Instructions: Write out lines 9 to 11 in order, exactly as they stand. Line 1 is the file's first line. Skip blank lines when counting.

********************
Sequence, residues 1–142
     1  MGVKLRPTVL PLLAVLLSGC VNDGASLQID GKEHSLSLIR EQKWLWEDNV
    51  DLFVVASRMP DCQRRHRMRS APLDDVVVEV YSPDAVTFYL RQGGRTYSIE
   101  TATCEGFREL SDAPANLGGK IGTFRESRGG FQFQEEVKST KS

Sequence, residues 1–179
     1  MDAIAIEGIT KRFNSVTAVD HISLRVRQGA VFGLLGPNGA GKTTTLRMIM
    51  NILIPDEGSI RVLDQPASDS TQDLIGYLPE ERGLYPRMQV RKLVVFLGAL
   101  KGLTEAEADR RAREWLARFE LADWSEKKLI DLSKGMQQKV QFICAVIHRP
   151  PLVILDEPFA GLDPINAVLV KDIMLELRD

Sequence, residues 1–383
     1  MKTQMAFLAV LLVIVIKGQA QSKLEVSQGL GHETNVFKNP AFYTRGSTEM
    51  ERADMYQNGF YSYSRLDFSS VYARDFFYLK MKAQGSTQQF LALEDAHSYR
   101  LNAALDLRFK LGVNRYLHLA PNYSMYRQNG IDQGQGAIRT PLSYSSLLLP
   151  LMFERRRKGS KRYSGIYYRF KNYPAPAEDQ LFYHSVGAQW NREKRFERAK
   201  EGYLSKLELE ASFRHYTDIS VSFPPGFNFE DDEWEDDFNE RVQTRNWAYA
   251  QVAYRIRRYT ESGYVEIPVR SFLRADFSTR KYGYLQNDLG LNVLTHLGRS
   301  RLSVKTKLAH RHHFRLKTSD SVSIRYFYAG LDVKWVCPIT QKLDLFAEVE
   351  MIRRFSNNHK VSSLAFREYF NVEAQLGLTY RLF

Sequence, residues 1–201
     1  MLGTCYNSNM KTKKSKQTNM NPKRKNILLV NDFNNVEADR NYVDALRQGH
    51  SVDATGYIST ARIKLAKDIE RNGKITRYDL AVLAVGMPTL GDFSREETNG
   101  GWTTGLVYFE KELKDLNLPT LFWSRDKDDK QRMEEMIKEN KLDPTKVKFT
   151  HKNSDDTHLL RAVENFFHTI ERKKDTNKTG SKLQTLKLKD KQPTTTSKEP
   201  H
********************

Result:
   151  PLVILDEPFA GLDPINAVLV KDIMLELRD

Sequence, residues 1–383
     1  MKTQMAFLAV LLVIVIKGQA QSKLEVSQGL GHETNVFKNP AFYTRGSTEM